Beginnings are a tenuous time. Think of a child’s first steps. The kiss on the cheek from a new lover. A hand on the shoulder from a stranger, now a new friend. These moments mark the point between the known and the unknown, fraught with the tension of the possible. One’s imagination expands from there to all the believable directions the next action could take. The heart quickens, the innate response of the body to possibility. Nothing is more exciting than the new, the unknown.
Held at the Frank Lloyd Wright-esque home of arts patrons Colleen Casey and Tim Maloney, Saturday night’s performance by the fledgling Saint Lorraine Dance Company contained all these sensations and more. As the performance was about to begin, a young woman stepped onto the Saltillo tile, cleared her throat, and encouraged everyone to sit in the rows of chairs designed to allow the best view. I leaned forward from my spot in the second row as choreographer/artistic director Britt Keel and founding member Deborah Anderson took their places.
As you know, contemporary dance evolved naturally out of the modern-dance movement, which was both a reaction, and a response, to the ideology of ballet, which, by the late 19th century had expanded from the rounded feminine bodies and court dances to the arched arm, slim line, and en pointe action we see today. Modern dance initially cribbed from perceived exotica, especially of the Far and Near East, before settling into the realm of pedestrian gestures — literally, steps created out of the natural range of the human body.
What contemporary choreographers gleaned from modern dance is the use of repetitive motion, the contracting and releasing of the abdomen and the arms, movements in which the foot is turned upward (think t’ai chi), and bodies that roll on the floor, in space, wherever gravity will allow.
St. Lorraine leaps further in their pursuit of dance.
As the music started, the two dancers, who looked nervous as hell, initiated a series of kinetic steps timed to the cacophony of Thai (?) post-techno music spewing from the sound system. Gentle, resistant touch bloomed into hip gyrations flavored with Caribbean downbeats, notable for their visually arresting clinical, desexualized style. Entitled “Sugar Bumps,” the first choreography crackled as the dancers began touching each other and then moving away, stopping to brush their feet like bulls, wiping their fingers across their noses, an obscure reference to … what exactly? Inhaled drugs? Obsessive-compulsive disorder?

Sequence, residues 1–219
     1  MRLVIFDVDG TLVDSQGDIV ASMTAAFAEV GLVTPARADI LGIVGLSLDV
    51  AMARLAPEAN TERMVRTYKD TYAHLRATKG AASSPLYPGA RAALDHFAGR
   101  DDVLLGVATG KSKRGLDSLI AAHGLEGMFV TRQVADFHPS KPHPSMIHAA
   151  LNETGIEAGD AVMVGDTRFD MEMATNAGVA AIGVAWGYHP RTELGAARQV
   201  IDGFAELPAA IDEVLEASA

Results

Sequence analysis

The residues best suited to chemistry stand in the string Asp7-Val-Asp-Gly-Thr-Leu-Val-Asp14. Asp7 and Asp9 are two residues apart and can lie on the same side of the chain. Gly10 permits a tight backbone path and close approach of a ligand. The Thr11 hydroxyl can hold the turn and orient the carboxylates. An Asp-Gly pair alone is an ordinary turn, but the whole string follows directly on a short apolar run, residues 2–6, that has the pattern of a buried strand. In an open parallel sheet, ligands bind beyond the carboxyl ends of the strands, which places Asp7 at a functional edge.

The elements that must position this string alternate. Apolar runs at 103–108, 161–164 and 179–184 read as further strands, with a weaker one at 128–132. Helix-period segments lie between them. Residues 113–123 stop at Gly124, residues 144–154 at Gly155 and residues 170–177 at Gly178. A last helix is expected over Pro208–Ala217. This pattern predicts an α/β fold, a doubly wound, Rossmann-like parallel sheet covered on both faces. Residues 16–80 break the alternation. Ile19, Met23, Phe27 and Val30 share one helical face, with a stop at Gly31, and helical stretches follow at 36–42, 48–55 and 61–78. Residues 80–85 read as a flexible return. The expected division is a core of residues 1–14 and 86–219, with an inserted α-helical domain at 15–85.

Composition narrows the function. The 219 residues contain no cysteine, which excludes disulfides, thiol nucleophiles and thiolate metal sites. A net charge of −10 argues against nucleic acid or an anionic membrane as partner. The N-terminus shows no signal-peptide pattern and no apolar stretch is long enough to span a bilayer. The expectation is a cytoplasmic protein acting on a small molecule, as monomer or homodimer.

“Sugar Bumps” felt, and looked, like a choreographer trying to stretch her cerebral muscles around forms new to her. The resulting dimensions of the performance left me confused enough to spend the next two days trying to figure out why I was so perplexed. What I think happened with “Sugar Bumps” is that the piece is still too much in the choreographer’s head and has yet to settle in the limbs of both dancers. It will come.
Next on the program was the formidable “Dismissal of Difference,” the newest choreography of the three. It is a broken narrative of marriage, interspersed with wide swaths of repetition, as depicted by Keel and Anderson in masculine garb. Set to baroque music, the two dancers invoked reverent silence in the audience by depicting the erotic, violent, and passionate nature of a typical marriage. They dance ended with a stylized pantomime of the wedding march. The dancers knelt before the “altar” of the audience, while Anderson, in painful, painful slow motion gave Keel several open-handed slaps (no contact), to which Anderson “responded” by reeling backwards slow and sure, like a shot man in a Sam Peckinpah film.
In the short intermission between “Dismissal” and the final piece, my companion and I discussed the lack of gender-specific movements depicted here. Were Keel to present “Dismissal” with different bodies, say two men, or a man and a woman, the piece would remain the same — such is its power.
“Burial,” the final piece in the program, was a fitting conclusion to the evening. Only parts one and two of this choreography were showcased, but there was no sense of absence. It showed the physical range of the dancers, who fell into sinewy backbends, landing on their shoulders (no hands!) as they found the ground.
Much of the movement of this piece took place on the actual floor, body falling over body. Each performer fell away from one another, then emerged only to touch, in the shorthand glyphs typical to contemporary dance. Familiar archetypes emerged through their rococo shaping: mother cradling child, lover holding lover, child bereaving parent. Of the three choreographies, the music here provided the perfect counterpoint to the gesture without adding another layer to be dissected.
At the performance’s end, each dancer took their bows, and the choreographer returned to the stage to kiss the foot of her single dance-company member, while the audience of approximately 50 people stood to give Keel a much-deserved standing ovation.
Saint Lorraine is currently looking for a public performance space in which to choreograph and stage a full-length work. Meanwhile, both choreographer and dancer are teaching Ron Fletcher Pilates at Studio A. To make a donation or request, go to saintlorraine.com
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